Digging up History: from Sea to Sand to Space Archeology
New infrared images from satellites 400 miles in space now allow archeologists to see ancient sites on earth to map humanity!
Every summer, as a child, my family and I would take a vacation to the outer banks of North Carolina, where we relaxed on the beautiful beaches of Hatteras Island. My childhood activities included making sandcastles, flying kites, and unsuccessfully battling gigantic waves that could reach more than eight feet in height.
I also enjoyed collecting seashells. At that age, I could not have appreciated that each shell held its own little history. I did not exactly know these small, often striking objects could be thousands of years old. I just enjoyed collecting the shells because, no matter what, I would never find any two alike.
Lately, I have gotten more curious about where these shells. What are they? When and where could they have formed?
I have learned, in fact, there are 50,000 known species of mollusk, the creatures responsible for the vast array of uniquely formed calcium carbonate homes we know as seashells. They are fossils.
A fossil is the remains or impression of a prehistoric organism preserved in petrified form. That means, in a way I was acting as an archaeologist when I collected those shells. However, if archaeology were as simple as waiting for a wave to wash up small rocks and shells, then everyone would be in the business of science.
Thus it was in times past, a keen observer of the natural world might unearth great mysteries, unexplainable by the present state of knowledge. In the late 15th century, world-famous polymath Leonardo Vinci became interested in mollusk shells when he found them in the mountains of Lombardy, outside of Milan. These shells found at great heights, and far from Italy's beaches, must be a mysterious manifestation of early geological events, Leonardo conjectured in one of his famous codices, observing that, "...the shells in Lombardy are at four levels, and thus it is everywhere, having been made at various times."
Leonardo further wrote, "Since things are much more ancient than letters, it is no marvel if, in our day, no records exist of these seas having covered so many countries... But sufficient for us is the testimony of things created in the salt waters, and found again in high mountains far from the seas."
In fact, as Leonardo evidenced, the science of archaeology today is a multifaceted profession requiring the skills of a modern-day polymath. It combines the study of material remains such as fossil relics, artifacts, and anthropology from land and sea with scientific dating, forensic science, history and, now, satellite imaging. Archaeologist's main objectives are to locate, excavate, and evaluate, and location can be the most difficult challenge by far.
Archeology's real estate challenge: location, location, location
A strong understanding of history helps archeologists to look in the right places, for starters. however, the history books are not always explicitly specific about the location of sites of interest. The chance of making an extraordinary find is what keeps archaeologist focused, yet sometimes months and months without a hit can be discouraging.
Enter Sarah Parcak, revolutionary archaeologist and winner of the 2016 TED Prize. Dr. Parcak's technique of using satellite imaging to locate ancient sites made the locating part of archaeology a little bit easier. Infrared imaging from satellites is used to identify subtle changes to the terrain indicating the presence of manmade objects. This is a cost-effective and more time efficient way of discovering what lies beneath the earth's surface. The only alternative is an aerial shot with an aircraft, which will not result in the same quality and is far more expensive for obvious reasons.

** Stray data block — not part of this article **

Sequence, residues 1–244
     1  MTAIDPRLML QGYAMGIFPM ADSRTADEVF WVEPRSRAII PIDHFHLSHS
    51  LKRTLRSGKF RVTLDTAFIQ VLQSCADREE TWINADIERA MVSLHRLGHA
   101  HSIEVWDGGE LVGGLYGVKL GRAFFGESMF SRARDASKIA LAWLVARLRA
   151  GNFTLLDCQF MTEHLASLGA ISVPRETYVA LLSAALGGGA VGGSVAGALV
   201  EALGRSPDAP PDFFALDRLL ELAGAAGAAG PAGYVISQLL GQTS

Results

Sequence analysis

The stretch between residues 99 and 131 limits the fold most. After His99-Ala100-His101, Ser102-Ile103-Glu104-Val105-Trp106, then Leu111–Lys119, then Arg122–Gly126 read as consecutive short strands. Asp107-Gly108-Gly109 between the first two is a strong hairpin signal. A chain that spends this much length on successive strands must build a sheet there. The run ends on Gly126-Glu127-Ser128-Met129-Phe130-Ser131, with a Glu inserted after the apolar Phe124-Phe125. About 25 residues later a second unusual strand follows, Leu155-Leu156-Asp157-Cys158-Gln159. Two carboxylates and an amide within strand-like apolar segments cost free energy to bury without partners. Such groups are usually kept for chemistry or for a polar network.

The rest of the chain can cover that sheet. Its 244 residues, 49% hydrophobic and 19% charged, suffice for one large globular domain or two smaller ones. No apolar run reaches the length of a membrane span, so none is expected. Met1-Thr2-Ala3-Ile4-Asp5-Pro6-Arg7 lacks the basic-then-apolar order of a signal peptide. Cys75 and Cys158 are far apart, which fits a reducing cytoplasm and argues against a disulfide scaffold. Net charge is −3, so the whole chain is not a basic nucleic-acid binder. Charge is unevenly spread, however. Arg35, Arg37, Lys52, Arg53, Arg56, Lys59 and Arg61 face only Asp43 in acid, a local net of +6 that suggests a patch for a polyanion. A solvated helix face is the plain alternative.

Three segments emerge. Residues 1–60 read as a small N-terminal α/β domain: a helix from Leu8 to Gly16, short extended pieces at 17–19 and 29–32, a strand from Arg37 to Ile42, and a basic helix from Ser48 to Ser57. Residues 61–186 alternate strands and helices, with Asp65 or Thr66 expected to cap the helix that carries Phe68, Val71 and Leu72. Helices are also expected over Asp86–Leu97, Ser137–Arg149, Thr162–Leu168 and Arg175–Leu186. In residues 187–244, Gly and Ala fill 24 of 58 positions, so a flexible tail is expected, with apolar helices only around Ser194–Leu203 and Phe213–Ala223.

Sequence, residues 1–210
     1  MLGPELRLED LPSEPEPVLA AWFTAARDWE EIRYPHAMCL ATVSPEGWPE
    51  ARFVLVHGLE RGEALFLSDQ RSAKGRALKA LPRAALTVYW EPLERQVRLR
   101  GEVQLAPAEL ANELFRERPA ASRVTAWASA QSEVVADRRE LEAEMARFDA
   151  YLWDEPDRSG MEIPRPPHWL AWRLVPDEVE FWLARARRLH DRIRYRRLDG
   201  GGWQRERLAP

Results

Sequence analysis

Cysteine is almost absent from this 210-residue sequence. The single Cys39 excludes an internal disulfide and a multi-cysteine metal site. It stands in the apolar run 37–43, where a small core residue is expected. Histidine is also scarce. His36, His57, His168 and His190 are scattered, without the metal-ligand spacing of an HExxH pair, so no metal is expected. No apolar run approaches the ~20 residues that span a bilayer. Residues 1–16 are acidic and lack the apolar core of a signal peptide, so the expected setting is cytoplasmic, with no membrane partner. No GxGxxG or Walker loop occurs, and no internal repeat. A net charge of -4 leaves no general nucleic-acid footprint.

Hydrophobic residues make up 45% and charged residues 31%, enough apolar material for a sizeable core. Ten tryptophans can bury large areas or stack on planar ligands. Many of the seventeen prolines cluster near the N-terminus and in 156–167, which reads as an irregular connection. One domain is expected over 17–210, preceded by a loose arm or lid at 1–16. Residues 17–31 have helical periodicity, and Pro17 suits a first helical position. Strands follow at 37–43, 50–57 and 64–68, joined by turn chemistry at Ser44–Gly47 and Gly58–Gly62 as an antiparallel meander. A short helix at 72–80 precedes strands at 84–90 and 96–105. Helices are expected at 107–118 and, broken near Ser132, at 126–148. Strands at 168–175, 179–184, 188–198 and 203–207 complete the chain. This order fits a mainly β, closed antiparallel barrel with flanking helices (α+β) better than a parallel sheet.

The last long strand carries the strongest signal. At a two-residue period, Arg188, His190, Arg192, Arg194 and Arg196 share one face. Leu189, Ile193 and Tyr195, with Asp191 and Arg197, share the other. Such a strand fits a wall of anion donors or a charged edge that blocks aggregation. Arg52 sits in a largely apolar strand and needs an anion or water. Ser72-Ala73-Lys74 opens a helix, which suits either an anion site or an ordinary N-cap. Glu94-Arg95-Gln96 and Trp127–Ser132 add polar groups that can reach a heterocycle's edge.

In her complete satellite mapping of Egypt, she identified countless forgotten tombs and lost settlements. With a bachelor degree in Egyptology and Archaeological studies from Yale University and her Ph.D. from the University of Cambridge, Parcak wrote the first textbook on satellite archaeology.
Along with the million-dollar TED Prize, recipients are prompted to make a wish. Parcak's wish? "To discover the millions of unknown archaeological sites across the globe. By creating a 21st century army of global explorers, we'll find and protect the world's hidden heritage, which contains humankind's collective resilience and creativity."
Much of her work focuses on protecting archaic sites from looters and most recently terrorist organizations such as ISIS that seek to destroy ancient cultural sites. In this, Sarah Parcak's career begins to resemble that of the fabled, fictitious explorer Indiana Jones, protecting irreplaceable historic treasures. In an effort to democratize, the process of archaeological discoveries, Parcak has developed a platform called Global Xplorer, which will utilize the power of the crowd to allow anyone to participate in uncovering the rest of earth's surface, 90 percent of which has yet to be explored. Her work informs us that the earth has many more stories that remain to be told about the peoples and creatures who came before us, and that sometimes, the best clues to find them come from high above.
Knowing how so many clues add up to our history, my days at the seashore look much the same, but the experience is richer by far. Those aren't just shells washed up by some passing wave. They are evidence of prehistoric life that, if I can follow their trail, will tell me a story all their own.
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- May, Kate Torgovnick. "It's time we inverted the pyramids: Satellite archaeologist Sarah Parcak invites the world into her work" TED Blog, 16 Feb, 2016. http://blog.ted.com/sarah-parcak-shares-her-ted-prize-wish/. Accessed on 11 Mar, 2016.
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